An Offer You Can’t Refuse #15: Bugsy Malone (dir by Alan Parker)


Remember how, a few weeks ago, I said I was going to spend the month of June reviewing 30 gangster movies?  Well, I was doing pretty well but then I got distracted with some things and I ended up falling behind and now, it’s the last day of June and I’ve only reviewed 14 of the 30 films that I was planning on taking a look at.  It’s frustrating but, as any movie blogger can tell you, it happens.  Still, I’m not one to give up so easily!  I promised to review 30 gangster movies and I’m going to keep my word.  Or, at the very least, I’m going to try to…. like, definitely maybe try to….

Anyway, let’s get back to it with 1976’s Bugsy Malone!

Bugsy Malone is an homage to the old gangster movies of the 1920s and 30s.  It’s also a musical, featuring a lot of songs about wanting to make a lot of money, fall in love, and go away to Hollywood.  On top of all that, it’s also a children’s film.  Though they may be playing gangsters and going to war over who will control the rackets, the cast is entirely made up of children.  Though the film does feature a lot of guns, none of the guns fire bullets.  Instead, they shoot custard pies.  Once you get cornered by a rival gangster and you get “splurged,” your career in the rackets is over.  You’re humiliated.  You’re nothing.  You’re just another two-bit hood who couldn’t make it in the big leagues.  You’re just….

Well, you get the idea.

Basically, the plot of the film is that Dandy Dan (Martin Lev) and Fat Sam (John Cassissi) are two rival gangsters who want to take over the Lower East Side.  Fat Sam owns a speakeasy, which means that there’s always a lot of dancing and singing going on in the background.  Bugsy Malone (Scott Baio) is a tough boxer who wants Fat Sam to give a job to Blousey Brown (Florrie Dugger), who dreams of going to Hollywood and becoming a big star.  Tallulah (Jodie Foster) is Fat Sam’s gun moll but she used to go out with Bugsy and she still wants him back.  Bugsy get caught up in the middle of the war between Dandy Dan and Fat Sam and it all eventually leads to a big pie fight and a lot of children covered in custard.  “You give a little love,” the children sing as they realize that their lives don’t have to be defined by gang wars, “and it all comes back to you….”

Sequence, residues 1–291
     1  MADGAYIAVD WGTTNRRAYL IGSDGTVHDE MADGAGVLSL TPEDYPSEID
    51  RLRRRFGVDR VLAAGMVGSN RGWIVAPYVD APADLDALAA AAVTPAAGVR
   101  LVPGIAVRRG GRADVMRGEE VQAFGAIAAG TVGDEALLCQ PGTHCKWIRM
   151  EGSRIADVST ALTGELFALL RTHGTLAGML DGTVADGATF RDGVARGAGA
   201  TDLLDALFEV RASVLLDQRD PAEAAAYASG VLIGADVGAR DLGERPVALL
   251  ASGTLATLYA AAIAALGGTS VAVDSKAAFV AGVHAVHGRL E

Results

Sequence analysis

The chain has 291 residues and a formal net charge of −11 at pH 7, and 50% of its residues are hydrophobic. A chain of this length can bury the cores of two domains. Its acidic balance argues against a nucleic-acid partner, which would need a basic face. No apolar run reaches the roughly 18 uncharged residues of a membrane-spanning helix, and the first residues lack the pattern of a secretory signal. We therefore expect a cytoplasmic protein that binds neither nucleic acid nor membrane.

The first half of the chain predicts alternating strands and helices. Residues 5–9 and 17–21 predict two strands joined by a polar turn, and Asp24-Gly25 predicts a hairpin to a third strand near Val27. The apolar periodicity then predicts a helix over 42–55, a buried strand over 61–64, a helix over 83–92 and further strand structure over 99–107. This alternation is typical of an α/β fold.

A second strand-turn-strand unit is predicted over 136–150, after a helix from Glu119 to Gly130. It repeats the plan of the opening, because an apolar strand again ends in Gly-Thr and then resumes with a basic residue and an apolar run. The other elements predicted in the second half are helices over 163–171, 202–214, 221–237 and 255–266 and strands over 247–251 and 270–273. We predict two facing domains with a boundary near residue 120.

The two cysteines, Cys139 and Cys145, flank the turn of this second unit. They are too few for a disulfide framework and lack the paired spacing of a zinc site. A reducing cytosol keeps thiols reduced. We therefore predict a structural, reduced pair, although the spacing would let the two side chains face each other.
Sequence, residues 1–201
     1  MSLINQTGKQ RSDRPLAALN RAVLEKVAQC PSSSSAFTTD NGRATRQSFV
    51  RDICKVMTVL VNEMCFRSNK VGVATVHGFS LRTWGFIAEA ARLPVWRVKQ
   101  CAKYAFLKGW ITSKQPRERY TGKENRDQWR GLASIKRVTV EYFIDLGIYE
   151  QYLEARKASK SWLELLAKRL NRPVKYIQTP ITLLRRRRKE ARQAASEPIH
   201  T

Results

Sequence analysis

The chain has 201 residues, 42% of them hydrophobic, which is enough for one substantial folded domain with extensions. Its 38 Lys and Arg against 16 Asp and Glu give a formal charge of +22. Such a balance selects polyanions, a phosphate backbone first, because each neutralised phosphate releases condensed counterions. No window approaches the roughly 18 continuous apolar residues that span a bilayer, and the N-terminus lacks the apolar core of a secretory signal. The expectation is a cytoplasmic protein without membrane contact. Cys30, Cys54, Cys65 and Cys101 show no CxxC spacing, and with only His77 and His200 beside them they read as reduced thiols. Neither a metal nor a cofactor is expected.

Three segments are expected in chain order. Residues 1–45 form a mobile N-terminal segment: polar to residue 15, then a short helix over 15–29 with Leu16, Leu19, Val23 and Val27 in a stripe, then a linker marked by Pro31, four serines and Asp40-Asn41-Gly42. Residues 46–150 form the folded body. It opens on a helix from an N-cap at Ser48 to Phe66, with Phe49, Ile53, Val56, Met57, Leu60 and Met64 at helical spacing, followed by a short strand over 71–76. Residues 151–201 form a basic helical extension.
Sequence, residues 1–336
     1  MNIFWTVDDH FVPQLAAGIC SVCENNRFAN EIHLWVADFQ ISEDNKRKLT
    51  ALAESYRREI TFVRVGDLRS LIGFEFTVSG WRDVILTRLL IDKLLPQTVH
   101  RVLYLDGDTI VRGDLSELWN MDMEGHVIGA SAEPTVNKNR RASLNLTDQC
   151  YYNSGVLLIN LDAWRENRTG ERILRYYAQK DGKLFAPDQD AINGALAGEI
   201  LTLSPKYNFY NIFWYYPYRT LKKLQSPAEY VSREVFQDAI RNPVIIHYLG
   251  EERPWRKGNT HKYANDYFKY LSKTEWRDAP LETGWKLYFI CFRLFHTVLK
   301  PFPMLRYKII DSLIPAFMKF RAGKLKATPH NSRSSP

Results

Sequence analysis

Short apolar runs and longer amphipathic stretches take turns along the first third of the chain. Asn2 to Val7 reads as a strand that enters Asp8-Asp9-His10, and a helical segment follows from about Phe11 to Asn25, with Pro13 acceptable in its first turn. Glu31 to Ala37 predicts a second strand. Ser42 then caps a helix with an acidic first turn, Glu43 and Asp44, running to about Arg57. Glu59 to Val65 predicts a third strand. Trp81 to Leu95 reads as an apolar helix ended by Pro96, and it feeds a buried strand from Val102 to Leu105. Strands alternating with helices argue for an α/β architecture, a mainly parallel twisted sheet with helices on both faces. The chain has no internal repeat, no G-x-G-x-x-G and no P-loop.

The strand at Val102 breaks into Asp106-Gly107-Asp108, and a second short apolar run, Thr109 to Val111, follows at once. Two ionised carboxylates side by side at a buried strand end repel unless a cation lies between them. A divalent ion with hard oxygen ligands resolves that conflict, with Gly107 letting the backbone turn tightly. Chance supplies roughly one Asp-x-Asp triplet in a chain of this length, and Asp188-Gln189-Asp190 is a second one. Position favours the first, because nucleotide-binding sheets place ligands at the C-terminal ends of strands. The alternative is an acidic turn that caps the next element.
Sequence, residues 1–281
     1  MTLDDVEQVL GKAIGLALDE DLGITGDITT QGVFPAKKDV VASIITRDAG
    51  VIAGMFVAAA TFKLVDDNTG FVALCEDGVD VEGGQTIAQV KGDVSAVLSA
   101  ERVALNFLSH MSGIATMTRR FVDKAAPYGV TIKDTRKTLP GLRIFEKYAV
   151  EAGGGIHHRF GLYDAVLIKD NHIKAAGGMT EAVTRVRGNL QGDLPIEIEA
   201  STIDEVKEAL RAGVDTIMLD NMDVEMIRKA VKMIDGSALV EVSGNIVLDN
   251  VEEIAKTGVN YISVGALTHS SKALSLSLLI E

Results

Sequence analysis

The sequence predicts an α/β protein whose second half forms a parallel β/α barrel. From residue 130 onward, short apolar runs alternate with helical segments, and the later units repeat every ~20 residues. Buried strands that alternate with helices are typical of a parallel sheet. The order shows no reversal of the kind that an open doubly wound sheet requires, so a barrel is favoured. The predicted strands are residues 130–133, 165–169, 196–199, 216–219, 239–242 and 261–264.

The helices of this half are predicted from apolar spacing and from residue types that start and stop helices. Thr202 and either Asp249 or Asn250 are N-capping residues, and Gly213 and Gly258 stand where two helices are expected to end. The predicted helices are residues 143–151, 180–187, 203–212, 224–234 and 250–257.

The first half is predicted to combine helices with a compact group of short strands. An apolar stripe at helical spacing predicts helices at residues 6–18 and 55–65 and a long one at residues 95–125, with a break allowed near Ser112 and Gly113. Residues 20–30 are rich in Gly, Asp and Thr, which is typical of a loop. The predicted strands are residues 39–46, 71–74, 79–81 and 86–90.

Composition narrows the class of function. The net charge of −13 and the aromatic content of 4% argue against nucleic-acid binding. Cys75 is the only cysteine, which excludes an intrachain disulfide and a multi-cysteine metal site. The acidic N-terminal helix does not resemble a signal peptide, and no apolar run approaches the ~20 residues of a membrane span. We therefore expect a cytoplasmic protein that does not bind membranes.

So, I have to admit that I was absolutely dreading watching Bugsy Malone.  I mean, singing children and custard pie guns?  It all sound just unbearably cutesy.  But, to my surprise, Bugsy Malone actually turned out to be a fun and clever little movie, one that was full of smart dialogue, catchy songs, excellent dancing, and wonderfully non-cutesy performances from its cast.  Even though the film may be about a bunch of children dressing up as gangsters, all of the child actors take their characters seriously and director Alan Parker directs the film as if it were an actual gangster film as opposed to just a children’s musical.  The end result is a film that’s cute but never cutesy.  Believe me, there is a huge difference between the two.

To my shock, Bugsy Malone turned out to be an offer that you can’t refuse.

Previous Offers You Can’t (or Can) Refuse:

  1. The Public Enemy
  2. Scarface
  3. The Purple Gang
  4. The Gang That Could’t Shoot Straight
  5. The Happening
  6. King of the Roaring Twenties: The Story of Arnold Rothstein 
  7. The Roaring Twenties
  8. Force of Evil
  9. Rob the Mob
  10. Gambling House
  11. Race Street
  12. Racket Girls
  13. Hoffa
  14. Contraband

8 responses to “An Offer You Can’t Refuse #15: Bugsy Malone (dir by Alan Parker)

  1. Pingback: An Offer You Can’t Refuse #16: Love Me or Leave Me (dir by Charles Vidor) | Through the Shattered Lens

  2. Pingback: An Offer You Can’t Refuse #17: Murder, Inc. (dir by Stuart Rosenberg and Burt Balaban) | Through the Shattered Lens

  3. Pingback: Lisa’s Week In Review: 6/29/20 — 7/5/20 | Through the Shattered Lens

  4. Pingback: An Offer You Can’t Refuse #18: The St. Valentine’s Day Massacre (dir by Roger Corman) | Through the Shattered Lens

  5. Pingback: An Offer You Can’t Refuse #19: Scarface (dir by Brian DePalma) | Through the Shattered Lens

  6. Pingback: An Offer You Can’t Refuse #20: The Untouchables (dir by Brian DePalma) | Through the Shattered Lens

  7. Pingback: An Offer You Can Refuse #22: Carlito’s Way: Rise To Power (dir by Michael Bregman) | Through the Shattered Lens

  8. Pingback: An Offer You Can’t Refuse #23: Gotti (dir by Kevin Connolly) | Through the Shattered Lens

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